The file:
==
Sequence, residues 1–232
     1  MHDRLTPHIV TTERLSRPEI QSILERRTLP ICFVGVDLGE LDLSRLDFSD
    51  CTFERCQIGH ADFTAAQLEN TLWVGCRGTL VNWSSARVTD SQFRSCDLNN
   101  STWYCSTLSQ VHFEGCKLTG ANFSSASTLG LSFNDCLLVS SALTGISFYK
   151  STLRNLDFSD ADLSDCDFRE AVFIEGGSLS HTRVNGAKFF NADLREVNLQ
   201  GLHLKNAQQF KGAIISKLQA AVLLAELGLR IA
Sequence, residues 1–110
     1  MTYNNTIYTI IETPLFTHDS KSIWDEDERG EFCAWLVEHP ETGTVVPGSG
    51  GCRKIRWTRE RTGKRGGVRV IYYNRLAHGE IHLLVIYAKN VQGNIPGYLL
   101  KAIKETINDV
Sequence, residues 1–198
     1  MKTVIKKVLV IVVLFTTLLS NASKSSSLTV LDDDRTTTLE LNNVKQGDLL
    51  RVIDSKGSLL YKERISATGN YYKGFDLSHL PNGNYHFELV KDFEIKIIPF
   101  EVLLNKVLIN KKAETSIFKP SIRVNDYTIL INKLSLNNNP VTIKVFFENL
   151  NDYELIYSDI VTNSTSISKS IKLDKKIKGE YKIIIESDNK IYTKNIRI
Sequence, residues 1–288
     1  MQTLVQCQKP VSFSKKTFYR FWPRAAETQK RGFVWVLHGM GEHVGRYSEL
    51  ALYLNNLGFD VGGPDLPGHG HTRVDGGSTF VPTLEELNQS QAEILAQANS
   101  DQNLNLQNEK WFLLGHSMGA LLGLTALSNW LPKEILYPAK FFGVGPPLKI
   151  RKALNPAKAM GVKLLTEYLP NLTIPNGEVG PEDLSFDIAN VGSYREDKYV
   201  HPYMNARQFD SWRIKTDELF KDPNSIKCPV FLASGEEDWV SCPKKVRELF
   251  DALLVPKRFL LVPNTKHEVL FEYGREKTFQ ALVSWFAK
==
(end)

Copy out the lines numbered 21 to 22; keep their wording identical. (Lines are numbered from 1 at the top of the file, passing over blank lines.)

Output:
   201  HPYMNARQFD SWRIKTDELF KDPNSIKCPV FLASGEEDWV SCPKKVRELF
   251  DALLVPKRFL LVPNTKHEVL FEYGREKTFQ ALVSWFAK